Oil, Natural Gas and Helium Potential of the Chupadera Mesa area, Lincoln and Socorro Counties, New Mexico
Ronald F. Broadhead
New Mexico Bureau of Geology and Mineral Resources, a division of New Mexico Institute of Mining and Technology, Socorro, New Mexico
The Chupadera Mesa region encompasses 3900 mi2 in eastern Socorro and western Lincoln Counties, central New Mexico. The area includes varied geological elements including the broad Jornada del Muerto Basin in the west, and the Oscura Mountains and Chupadera Mesa in the medial area. The Laramide-age Sierra Blanca Basin and several isolated mountain ranges formed principally by Tertiary-age igneous intrusive bodies occupy the eastern third of the region.
The Chupadera Mesa area has been sparsely drilled. A total of 45 wells have been drilled within the project area. This is a density of approximately one well for every 85 mi2. Many of the wells are shallow and reached total depth in Permian strata. Only 20 wells have been drilled to Precambrian basement. This is a density of one well per 200 mi2, or 6.4 townships. Neither oil, natural gas nor helium production have been established. Nevertheless, several of the wells have encountered promising shows of oil, natural gas, and helium.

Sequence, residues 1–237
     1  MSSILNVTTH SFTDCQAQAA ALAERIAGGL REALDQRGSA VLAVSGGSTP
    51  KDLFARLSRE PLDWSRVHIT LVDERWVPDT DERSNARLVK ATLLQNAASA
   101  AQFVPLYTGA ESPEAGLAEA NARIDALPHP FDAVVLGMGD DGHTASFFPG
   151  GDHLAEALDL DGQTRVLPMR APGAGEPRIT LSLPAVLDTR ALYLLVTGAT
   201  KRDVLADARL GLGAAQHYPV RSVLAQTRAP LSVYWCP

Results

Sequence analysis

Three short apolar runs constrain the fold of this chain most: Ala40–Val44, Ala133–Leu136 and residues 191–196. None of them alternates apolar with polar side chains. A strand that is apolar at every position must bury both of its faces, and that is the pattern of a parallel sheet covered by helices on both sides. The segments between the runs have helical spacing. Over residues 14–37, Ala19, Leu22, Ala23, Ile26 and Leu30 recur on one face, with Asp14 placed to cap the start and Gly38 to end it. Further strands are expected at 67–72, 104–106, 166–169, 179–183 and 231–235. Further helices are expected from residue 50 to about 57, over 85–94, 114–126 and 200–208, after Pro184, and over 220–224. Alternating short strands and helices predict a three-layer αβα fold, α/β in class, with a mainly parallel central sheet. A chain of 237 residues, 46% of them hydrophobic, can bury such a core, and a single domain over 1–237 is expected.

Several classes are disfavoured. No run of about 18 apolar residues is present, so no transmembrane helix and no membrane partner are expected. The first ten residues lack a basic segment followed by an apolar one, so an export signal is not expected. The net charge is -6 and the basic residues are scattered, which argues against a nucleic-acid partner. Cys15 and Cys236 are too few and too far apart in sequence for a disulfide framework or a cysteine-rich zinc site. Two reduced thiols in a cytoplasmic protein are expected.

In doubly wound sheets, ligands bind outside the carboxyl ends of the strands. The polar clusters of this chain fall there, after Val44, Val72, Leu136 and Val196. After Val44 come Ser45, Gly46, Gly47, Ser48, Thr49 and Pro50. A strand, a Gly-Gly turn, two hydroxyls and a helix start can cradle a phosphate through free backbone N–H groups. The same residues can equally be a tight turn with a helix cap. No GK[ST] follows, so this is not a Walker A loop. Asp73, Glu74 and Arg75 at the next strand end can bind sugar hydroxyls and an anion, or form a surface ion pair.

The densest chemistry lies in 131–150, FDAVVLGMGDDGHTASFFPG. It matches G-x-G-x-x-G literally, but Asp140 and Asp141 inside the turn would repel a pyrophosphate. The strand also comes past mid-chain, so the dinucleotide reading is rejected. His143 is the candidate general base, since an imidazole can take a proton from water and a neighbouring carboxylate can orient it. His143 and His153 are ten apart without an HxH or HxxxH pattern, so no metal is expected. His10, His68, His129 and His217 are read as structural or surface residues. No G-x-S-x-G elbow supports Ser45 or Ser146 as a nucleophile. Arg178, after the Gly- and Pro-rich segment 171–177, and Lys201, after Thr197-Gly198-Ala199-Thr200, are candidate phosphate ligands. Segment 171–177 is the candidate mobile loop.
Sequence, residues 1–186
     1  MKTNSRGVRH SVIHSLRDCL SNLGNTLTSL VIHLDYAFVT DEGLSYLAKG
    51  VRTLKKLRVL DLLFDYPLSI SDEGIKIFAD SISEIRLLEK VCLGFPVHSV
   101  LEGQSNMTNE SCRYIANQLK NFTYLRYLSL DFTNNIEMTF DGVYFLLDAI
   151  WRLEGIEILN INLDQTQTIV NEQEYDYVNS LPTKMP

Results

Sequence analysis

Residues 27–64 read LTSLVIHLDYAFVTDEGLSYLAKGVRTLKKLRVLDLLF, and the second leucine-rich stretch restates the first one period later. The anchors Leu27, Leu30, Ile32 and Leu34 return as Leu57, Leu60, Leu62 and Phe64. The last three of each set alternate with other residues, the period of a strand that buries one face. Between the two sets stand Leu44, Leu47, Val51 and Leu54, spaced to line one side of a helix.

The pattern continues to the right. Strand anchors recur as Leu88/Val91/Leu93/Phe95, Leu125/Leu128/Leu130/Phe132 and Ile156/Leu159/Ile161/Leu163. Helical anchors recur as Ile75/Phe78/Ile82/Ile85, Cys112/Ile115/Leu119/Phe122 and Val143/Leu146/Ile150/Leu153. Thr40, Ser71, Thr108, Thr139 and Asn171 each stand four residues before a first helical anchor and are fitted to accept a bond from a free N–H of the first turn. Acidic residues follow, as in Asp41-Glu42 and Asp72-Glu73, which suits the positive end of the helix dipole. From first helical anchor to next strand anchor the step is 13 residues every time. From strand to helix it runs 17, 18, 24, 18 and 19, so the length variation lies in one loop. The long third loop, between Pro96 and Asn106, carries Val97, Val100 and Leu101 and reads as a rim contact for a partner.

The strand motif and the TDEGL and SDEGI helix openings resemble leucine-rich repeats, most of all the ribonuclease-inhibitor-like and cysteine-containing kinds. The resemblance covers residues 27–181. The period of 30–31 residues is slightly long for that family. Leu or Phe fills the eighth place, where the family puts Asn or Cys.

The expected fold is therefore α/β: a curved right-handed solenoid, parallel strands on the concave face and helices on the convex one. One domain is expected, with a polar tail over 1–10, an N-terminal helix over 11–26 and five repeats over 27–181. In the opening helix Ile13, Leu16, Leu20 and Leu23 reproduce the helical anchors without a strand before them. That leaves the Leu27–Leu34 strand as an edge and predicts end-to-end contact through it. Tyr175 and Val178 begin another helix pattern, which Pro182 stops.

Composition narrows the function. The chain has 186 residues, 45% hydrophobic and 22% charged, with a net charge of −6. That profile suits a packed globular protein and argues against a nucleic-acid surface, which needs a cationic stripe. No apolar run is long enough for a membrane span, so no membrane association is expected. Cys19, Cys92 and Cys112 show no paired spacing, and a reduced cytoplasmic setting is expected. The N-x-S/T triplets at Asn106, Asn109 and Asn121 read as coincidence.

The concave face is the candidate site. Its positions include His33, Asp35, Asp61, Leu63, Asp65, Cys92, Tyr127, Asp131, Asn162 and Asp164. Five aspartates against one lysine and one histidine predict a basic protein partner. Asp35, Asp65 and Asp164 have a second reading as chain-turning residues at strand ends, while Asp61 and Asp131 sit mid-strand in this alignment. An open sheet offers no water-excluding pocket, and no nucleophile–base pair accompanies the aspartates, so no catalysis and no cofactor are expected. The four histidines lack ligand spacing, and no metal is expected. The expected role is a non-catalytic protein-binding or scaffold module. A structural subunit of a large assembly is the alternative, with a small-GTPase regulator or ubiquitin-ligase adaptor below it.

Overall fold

The geology of the Chupadera Mesa area indicates favorable potential for oil and natural gas. Petroleum source rock facies are concentrated in marine Pennsylvanian strata that blanket the western two-thirds of the project area and attain a maximum thickness of 2200 ft. Dark-gray to black Pennsylvanian shales contain both gas-prone and oil-prone kerogen populations and are thermally mature to the east and west, but marginally mature in the medial area. Maturation into the oil window is caused primarily by heating associated with igneous events during the Tertiary. Favorable reservoirs are Pennsylvanian marine to marginal marine sandstones, continental sandstones of the Abo Formation (Permian: Wolfcampian), and marine to marginal marine sandstones of the Yeso Formation (Permian: Leonardian). Untested plays include speculated but undrilled late Paleozoic basins that underlie Laramide-age synclines, truncation traps in Pennsylvanian sandstones under a basal Permian unconformity at the eastern pinchout of Pennsylvanian strata, and northward pinchout of Ordovician carbonate rocks in the southern part of the project area. There is also limited coalbed methane potential in Cretaceous strata in the Jornada del Muerto and Sierra Blanca Basins.
The Chupadera Mesa project area also has favorable potential for helium. Uranium-bearing rock types favorable for the formation of radiogenic helium are present. In addition, high-angle fracture and fault systems and Tertiary-age igneous thermal events characterize the area and are favorable to the release of radiogenic helium from the Precambrian basement into the overlying Paleozoic sedimentary column. Pennsylvanian and Permian shales and Permian anhydrites and salt beds are favorable seals for helium. Analyses of gases recovered from exploratory wells drilled on Chupadera Mesa indicate the presence of helium in substantial amounts. Nonburnable gases recovered from other wells may also contain helium.